Some members of the “Quilt Nation–20,000,000 Strong,” cruising the floor at the International Quilt Festival in Houston. Photo courtesy of Quilts, Inc. and the International Quilt Festival.

You’ll love this: We’ve got a copy of the Why Quilts Matter DVD-set to give away to one lucky See How We Sew visitor! Just leave a comment to tell us (as they used to say) “in 50 words or less” why quilts matter to you. Post your comment by midnight (PDT), Wednesday, August 8, and I’ll announce the winner in my Friday, August 10 post.

A few “odds and ends” before I wrap up for today:

I’ve heard from the quilter, and my baby quilt, Hugs and Kisses from Grandpa, will be ready soon. I’ve been working on a special “go-with” at my quilting getaway this past week, and will share that (and more) in my follow-up post, soon after the quilt is delivered.

On Friday, August 10, Canadian quilter Mary Elizabeth Kinch will be stopping by as part of the blog tour for her brand-new book, Small Pieces, Spectacular Quilts, which she co-authored with Biz Storm. Mary Elizabeth will be sharing tips for sewing with, sorting, and storing those little bits of fabric, and we’ll top off the post with a giveaway! Stay tuned…

Last, but certainly not least, don’t forget to mark your calendar to come and meet all four of the See How We Sew bloggers at Quilting in the Garden at Alden Lane Nursery in September.

Christie, Jennifer, Laura, and Darra will be featured artists at Quilting in the Garden at Alden Lane Nursery in Livermore, CA, on September 22 – 23. Come see us!

That’s it for now. ‘Til next time, happy stitching!

Start Today! Take an Online Contemporary Sampler Class with Laura Nownes on The Quilt Show

I have some exciting news today! This is the opening day of my new six-part Contemporary Sampler Quilt Class online at The Quilt Show.  I’ve been working hard and having lots of fun the past few months with Alex Anderson, getting this new class ready. Our goal is to help new quilters build a solid foundation in the basics of quiltmaking. Seasoned quiltmakers will also enjoy learning new tips and brushing up on many techniques.

Alex and my daughter, Molly, did the taping while John (Alex’s husband), Mary Kay Davis, and Lilo Bowman of TQS did the behind-the-scenes technical work to put it all together. Thanks everyone!

Taping day!

This new classroom is available FREE to anyone joining (or already a member of) The Quilt Show as a Basic or Star member. You can access the classes anytime you like. Yes, this means that if you are awake at 3:00 a.m., you can wander over to the computer in your jammies and join in the fun. It’s easy and will cost you nothing but your time. So please take a minute to visit The Quilt Show’s website. Class is about to start!

Here’s a photo of the quilt I’ll be demonstrating. I must be honest with you: I started off with an entirely different collection of fabrics, but after purchasing these adorable polka dots at one of my favorite quilt shops, Back Porch Fabrics , on a recent trip to Asilomar (CA), I completely changed my direction. I love the fresh look and hope you will too.

In addition to the six-part series, I’ve put together a Resource Library that will be available on the TQS website. There you can find information on thread, sewing machines, quick-cutting techniques, terminology, and a binding demonstration. Information is also available directing you to other resources on the site that will assist you with layering, basting, and hand or machine quilting.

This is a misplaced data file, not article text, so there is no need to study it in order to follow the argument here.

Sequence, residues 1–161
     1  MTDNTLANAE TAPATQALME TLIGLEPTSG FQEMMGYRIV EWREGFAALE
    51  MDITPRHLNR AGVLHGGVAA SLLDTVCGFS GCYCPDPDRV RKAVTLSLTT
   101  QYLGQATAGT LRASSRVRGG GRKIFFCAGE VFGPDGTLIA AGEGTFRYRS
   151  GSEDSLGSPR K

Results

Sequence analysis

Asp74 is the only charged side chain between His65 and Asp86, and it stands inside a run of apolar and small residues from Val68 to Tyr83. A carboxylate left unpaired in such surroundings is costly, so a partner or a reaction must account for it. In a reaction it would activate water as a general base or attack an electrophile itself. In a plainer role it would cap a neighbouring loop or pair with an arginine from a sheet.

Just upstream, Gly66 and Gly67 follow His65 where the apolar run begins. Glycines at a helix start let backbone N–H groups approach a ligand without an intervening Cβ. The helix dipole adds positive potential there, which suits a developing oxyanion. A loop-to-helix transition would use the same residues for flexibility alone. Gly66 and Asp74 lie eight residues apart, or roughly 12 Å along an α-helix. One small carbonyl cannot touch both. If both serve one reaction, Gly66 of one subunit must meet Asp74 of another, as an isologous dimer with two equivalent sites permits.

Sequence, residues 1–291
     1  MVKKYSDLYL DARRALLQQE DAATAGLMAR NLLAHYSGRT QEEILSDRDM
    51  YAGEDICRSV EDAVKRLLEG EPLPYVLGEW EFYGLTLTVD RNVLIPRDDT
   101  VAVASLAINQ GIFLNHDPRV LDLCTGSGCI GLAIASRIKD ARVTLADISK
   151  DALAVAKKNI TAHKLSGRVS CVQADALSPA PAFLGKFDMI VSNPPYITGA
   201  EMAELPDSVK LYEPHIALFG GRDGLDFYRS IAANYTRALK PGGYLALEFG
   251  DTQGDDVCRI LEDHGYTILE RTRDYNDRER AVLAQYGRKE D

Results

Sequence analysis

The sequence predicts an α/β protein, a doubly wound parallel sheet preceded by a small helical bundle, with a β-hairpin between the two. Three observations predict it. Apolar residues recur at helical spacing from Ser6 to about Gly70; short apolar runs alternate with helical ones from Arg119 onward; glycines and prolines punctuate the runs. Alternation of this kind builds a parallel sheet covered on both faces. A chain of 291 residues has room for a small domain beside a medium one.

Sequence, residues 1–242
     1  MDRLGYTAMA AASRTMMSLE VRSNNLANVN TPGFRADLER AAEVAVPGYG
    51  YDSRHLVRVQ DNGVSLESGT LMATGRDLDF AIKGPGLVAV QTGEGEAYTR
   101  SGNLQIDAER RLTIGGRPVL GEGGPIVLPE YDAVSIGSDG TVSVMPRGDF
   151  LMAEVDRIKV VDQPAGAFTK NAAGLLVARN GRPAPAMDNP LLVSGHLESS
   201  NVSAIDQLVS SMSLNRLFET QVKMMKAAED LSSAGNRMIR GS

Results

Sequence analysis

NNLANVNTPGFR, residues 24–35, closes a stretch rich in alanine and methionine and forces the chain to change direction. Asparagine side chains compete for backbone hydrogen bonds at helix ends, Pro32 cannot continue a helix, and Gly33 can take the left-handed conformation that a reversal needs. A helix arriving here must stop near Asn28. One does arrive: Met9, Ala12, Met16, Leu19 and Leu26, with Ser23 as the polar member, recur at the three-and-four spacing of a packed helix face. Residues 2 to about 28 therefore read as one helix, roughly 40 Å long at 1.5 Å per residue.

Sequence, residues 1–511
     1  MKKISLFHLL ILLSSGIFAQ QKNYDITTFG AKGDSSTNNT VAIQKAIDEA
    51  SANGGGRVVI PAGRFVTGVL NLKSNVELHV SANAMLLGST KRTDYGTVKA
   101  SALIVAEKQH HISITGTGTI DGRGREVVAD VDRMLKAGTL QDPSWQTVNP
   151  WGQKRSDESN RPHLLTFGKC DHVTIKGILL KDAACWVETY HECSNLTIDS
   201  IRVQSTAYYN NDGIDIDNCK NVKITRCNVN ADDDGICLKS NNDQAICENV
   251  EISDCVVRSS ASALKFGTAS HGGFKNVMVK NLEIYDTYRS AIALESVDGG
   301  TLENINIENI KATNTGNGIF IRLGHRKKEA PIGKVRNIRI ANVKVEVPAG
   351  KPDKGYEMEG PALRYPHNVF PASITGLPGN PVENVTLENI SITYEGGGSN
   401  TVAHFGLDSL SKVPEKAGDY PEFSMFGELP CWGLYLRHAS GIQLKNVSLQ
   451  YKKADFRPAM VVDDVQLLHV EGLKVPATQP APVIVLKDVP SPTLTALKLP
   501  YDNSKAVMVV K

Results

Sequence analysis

Just click here to sign up to be a Basic member. It’s fun and FREE. I hope to “see” you in the classroom.

One more thing: Our appearance at Quilting in the Garden is fast approaching. Be sure to save the dates. It promises to be a wonderful show!

Take care everyone.

You Should be Dancing (and Quilting)!

A behind-the scenes moment in a company of French ballet dancers captured by 19th century Impressionist Edgar Degas–do you get the idea that the red-haired dancer is the bossy one?

If our bi-weekly blog posts at See How We Sew are about sewn matters, you have every right to ask why Jennifer is squeezing in a dance-related topic. I know, I’m pushing the envelope here, but I’m pretty sure most of us who craft with needle and thread are also people of broader artful tastes.  As much as we sew, we may also act, dance, sing, or perform. Those other outlets fuel and enrich us as we create our quilts and crafts.

My thing is ballet. Yup, I don a leotard (perhaps a dance skirt as well if I happen to be channeling Terpsichore that day) and find a place at the barre for class. I’ve been following that ritual since I was 7 years old and, fingers crossed, I hope I’ll keep it up.

Sure, I do other things like pilates, yoga and cardio sessions, but there’s nothing as satisfying to me as ballet class.  Believe me, that’s saying something.  Especially nowadays when I find myself taking class with teenagers and professional dancers who could be my children—the physical contrast isn’t in my favor and it’s getting worse!

Another Degas: I confess to pink tutu love–what little girl wouldn’t want to wear one?

I wish that I could translate what I feel about dance into quilt making. So far, my attempts are rudimentary at best, especially if you contrast still images of dancers with highly skilled ballet professionals at work. Take a look at this YouTube film of an early morning class at the Royal Ballet in London—I guarantee you will be transfixed and inspired: Royal Ballet LIVE. (The heart of the class–the center work–begins around 28 minutes.) Can you see why I’m flummoxed?